You can have good local government if you show up to vote for it.
This weekend, do not neglect to research candidates for local office in your community. For in many ways, the people who serve in your local government will have more influence on your everyday life than those in the federal government.
That is the way our constitutional republic was designed.
In the minds of America’s founders, the powers of the federal government were intended to be limited, while the state and local governments were intended to bear the brunt of government work.
As James Madison, the father of the U.S. Constitution, explained in Federalist 45:
“The powers delegated by the proposed Constitution to the federal government, are few and defined. Those which are to remain in the State governments are numerous and indefinite.”
Essentially, the role of the federal government, as intended by the Founding Founders, was limited in scope to national security, international trade, the maintenance of peaceable relations between the states, and the power to lay taxes to pay for those responsibilities.
The real action of government was meant to take place at the local level. Madison continues: “The powers reserved to the several States will extend to all the objects which, in the ordinary course of affairs, concern the lives, liberties, and properties of the people, and the internal order, improvement, and prosperity of the State.”
This principle of separating the powers of the national and local governments, which we call federalism, is the key to having good and safe government. As Thomas Jefferson wrote:
[T]he way to have good and safe government, is not to trust it all to one, but to divide it among the many, distributing to every one exactly the functions he is competent to. Let the national government be entrusted with the defense of the nation, and its foreign and federal relations; the State governments with the civil rights, laws, police, and administration of what concerns the State generally; the counties with the local concerns of the counties, and each ward direct the interests within itself. It is by dividing and subdividing these republics from the great national one down through all its subordinations, until it ends in the administration of every man’s farm by himself; by placing under everyone what his own eye may superintend, that all will be done for the best.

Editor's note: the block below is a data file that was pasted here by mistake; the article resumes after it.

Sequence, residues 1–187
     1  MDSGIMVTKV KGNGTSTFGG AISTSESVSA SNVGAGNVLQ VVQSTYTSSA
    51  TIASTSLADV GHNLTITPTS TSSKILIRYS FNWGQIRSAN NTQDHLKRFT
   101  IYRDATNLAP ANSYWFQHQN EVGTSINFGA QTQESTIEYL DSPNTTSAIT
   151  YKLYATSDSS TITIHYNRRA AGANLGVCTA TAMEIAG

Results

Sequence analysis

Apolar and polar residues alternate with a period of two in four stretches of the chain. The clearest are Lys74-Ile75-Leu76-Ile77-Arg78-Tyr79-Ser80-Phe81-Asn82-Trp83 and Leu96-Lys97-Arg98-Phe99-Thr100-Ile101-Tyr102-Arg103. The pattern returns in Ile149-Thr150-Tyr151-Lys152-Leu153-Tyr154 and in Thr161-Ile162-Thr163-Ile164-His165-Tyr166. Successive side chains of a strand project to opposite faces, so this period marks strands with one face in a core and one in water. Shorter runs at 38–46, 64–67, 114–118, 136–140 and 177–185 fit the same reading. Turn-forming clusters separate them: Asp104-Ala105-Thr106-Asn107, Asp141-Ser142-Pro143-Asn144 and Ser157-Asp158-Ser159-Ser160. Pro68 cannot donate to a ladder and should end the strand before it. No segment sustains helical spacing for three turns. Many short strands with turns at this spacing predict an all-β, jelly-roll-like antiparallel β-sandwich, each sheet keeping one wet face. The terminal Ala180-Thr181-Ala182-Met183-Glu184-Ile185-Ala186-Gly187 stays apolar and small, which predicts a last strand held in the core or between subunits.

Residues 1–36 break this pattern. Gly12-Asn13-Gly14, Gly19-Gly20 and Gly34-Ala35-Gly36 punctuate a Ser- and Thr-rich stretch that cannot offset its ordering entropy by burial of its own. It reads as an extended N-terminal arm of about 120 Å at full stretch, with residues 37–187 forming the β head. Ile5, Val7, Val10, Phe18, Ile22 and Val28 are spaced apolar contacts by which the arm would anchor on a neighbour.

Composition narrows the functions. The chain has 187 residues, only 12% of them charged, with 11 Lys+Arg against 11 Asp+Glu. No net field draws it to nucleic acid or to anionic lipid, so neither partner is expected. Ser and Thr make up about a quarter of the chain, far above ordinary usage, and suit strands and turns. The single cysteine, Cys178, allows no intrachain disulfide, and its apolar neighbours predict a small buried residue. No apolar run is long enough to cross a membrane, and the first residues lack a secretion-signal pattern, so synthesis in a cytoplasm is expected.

The national government has unquestionably exceeded those bounds today. And while its all-encompassing power may seem to make state and local governments less relevant, there are important battles being fought in governors’ mansions, the state legislatures, and town halls of America.
On the issues conservatives care about, it has been state governments, not the federal government, where we have achieved some victories.
In North Carolina, where most of the media attention is focused on the presidential race, Governor Pat McCrory (R) has held the line against the Left’s radical bathroom-bill demands. He is an extremely tight race with Democratic Attorney General Roy Cooper, who champions the Left’s radical gender-identity agenda.
Are your candidates for local and state office going to be willing to fight these fights?
Who is running for mayor in your town? City council? Supervisor? State senator, representative, or judge? Do you know the members of your local school board — those that make daily decisions about the welfare of your child? Are you aware of who runs your police department? Have they pledged to improve relations between the police and your community, for the safety and happiness of all?
If you don’t have the answer to these questions, take some time this weekend and educate yourself on the entirety of your ballot.
For the best government is that which governs closest to the people. And it is within your power as a voter to ensure that the government closest to you, in your community, is good government.